Who's up and who's down this week? The Beltway Boys decide.
Down, self-appointed Afghan emissary Jesse Jackson.
FRED BARNES, CO-HOST: His latest attempt at diplomatic freelancing backfires big time. First his offer to mediate is rebuffed by the U.S., then the Taliban contradicts Jackson's story that they were the ones to initiate contact on a peace delegation.
MORT KONDRACKE, CO-HOST: Well, you know, Jesse Jackson had a sex scandal and a money scandal...
KONDRACKE: ... and, and he disappeared for a little while. Then he, he was going to make a comeback, try to make a comeback on the terrible issue of reparations...
BARNES: Oh, geez.
KONDRACKE: ... for, for slavery. But then along came September 11, and he went back to his old standby, nuzzling up to anti, anti-American, you know, enemies of the United States. It didn't work.
BARNES: Yes, who do you believe, the Taliban or Jackson on who made the first contact?
KONDRACKE: It's a hard choice. I think I believe the Taliban.
BARNES: I do too. But look, you know, one person who handled this Jackson thing very well, I didn't think so at first, but he really handled it well, was Secretary of State Powell. And, and he said, Look, no good can come of this Jackson mission, if there is one. But if Jackson wants to go, that's his right to go. That denied Jackson the ability to say, Peace was at hand if I could only have gone and dealt with the Taliban, but the secretary of state wouldn't let me. He, he, he was denied that.But you know what? He's not going.
Up, CIA director George Tenet
KONDRACKE: Despite sniping from Capitol HIll, President Bush publicly and pointedly gives Tenet and the CIA a vote of confidence at a pep rally at Langley this week. Watch.
(BEGIN VIDEO CLIP)
BUSH: This is a war that is unlike any other war that our nation is used to. It's a battle and -- it's a war of a series of battles that sometimes we'll see the fruits of our labors and sometimes we won't. It's a war that's going to require cooperation with our friends. It is a war that requires the best of intelligence.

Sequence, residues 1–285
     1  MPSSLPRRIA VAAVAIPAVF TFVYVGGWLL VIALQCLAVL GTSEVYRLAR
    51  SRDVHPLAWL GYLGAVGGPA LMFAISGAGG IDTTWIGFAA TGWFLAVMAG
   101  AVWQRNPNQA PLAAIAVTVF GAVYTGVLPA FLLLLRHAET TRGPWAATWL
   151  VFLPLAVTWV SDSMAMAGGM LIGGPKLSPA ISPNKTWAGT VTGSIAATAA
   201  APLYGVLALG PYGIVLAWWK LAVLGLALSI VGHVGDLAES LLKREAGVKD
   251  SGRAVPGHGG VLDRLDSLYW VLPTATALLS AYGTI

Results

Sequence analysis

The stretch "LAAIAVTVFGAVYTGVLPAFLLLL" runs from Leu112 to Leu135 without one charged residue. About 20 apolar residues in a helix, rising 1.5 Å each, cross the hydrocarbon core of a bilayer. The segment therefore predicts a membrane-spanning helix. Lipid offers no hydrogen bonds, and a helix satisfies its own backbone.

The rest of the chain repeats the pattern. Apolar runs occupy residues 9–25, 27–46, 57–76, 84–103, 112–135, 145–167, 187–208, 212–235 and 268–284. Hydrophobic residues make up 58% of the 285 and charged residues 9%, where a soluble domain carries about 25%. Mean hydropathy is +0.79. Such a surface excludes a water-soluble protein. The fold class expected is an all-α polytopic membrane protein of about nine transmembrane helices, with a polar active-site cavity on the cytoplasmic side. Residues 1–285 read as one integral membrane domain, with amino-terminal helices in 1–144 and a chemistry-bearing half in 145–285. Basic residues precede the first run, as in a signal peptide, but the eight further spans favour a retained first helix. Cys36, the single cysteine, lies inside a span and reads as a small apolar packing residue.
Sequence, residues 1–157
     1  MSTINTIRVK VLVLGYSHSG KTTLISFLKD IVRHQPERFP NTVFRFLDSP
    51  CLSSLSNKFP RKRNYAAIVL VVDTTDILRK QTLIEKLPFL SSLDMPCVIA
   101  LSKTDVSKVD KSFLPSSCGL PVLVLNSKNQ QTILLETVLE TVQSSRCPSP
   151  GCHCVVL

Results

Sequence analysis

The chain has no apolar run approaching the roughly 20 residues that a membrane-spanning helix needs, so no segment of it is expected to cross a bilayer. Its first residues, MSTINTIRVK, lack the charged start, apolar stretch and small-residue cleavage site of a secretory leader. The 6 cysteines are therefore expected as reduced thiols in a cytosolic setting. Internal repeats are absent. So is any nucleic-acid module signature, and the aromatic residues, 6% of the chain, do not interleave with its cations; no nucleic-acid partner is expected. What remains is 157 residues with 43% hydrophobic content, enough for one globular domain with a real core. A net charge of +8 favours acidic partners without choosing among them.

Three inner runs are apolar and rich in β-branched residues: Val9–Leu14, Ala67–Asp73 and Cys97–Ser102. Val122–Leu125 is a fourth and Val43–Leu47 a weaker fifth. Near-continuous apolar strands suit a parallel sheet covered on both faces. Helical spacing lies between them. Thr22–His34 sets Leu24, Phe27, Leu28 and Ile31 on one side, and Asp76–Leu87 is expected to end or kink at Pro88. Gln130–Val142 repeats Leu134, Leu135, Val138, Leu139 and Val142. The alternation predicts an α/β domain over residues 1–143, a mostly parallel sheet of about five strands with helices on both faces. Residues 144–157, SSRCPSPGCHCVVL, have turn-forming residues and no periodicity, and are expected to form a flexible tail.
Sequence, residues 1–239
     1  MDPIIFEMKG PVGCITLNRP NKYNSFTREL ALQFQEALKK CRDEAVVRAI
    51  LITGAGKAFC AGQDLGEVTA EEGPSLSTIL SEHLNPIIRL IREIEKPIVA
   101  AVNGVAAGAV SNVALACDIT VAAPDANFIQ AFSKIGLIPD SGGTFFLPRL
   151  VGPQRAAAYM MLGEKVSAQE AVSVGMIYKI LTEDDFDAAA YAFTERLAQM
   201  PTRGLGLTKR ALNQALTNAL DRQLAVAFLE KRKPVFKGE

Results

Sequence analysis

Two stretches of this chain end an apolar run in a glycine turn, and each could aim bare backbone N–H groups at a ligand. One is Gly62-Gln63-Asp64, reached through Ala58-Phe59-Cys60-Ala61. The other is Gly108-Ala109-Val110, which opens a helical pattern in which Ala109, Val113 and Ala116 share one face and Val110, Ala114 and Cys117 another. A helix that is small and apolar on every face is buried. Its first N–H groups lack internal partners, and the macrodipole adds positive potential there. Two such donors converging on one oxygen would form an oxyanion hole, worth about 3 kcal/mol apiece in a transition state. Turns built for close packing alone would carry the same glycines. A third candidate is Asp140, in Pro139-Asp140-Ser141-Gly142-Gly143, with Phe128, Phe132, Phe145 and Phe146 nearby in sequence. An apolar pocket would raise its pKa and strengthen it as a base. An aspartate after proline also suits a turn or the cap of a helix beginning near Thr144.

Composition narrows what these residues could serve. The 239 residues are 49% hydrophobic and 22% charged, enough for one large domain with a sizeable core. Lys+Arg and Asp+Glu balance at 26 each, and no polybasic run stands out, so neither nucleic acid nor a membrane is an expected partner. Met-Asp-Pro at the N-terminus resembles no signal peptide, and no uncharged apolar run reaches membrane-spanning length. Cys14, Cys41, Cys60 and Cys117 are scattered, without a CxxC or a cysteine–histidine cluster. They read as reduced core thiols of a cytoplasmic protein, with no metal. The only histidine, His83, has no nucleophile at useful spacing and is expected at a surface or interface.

(END VIDEO CLIP)
KONDRACKE: Well, the CIA and the FBI clearly messed up and, and didn't, didn't have any -- get advance warning of the, the September 11 attacks. But George Tenet has been trying to do the things that are necessary to rebuild the, the spy corps...
KONDRACKE: ... after a decade of, a decade of failure, and both Bush and Cheney, Dick Cheney, respect that, and like him and want to keep him.
BARNES: Yes, I think...
KONDRACKE: ... I think his job is secure.
BARNES: Yes, I do too. But it's about time that they were getting around to getting some spies, you know, human intelligence. I think he's evading accountability here. But the good news is that Bush did not say similar wonderful things about the other Clinton holdover, Jane Garvey, who's the head of the Federal Aviation Administration, the FAA, which is years behind in tightening its security rules for those guards at airports, and, and, and upgrading the whole system. They're a part of the problem. I have a candidate to take over the job at the FAA, Rudy Giuliani, soon out of work in New York City.
KONDRACKE: Man who needs a job.
Up, San Antonio radiologist Al al-Badr al-Hazmi.
BARNES: He was mistakenly held by the FBI for two weeks as a material witness in the terrorist attacks. Al-Hazmi, who was released Tuesday, says he doesn't blame authorities and urged tolerance. Now, Mort, listen to this. This guy has the right angle.
(BEGIN VIDEO CLIP)
AL AL-BADR AL-HAZMI, FALSELY DETAINED: Let us be tolerant to each others, and both together, and be united, and learn not to hate, because hatred is evil and love is good.What happened September 11 is -- has nothing to do with any religion, and it has nothing to do with Islam. The teaching of Islam is totally against violence and killing innocent people.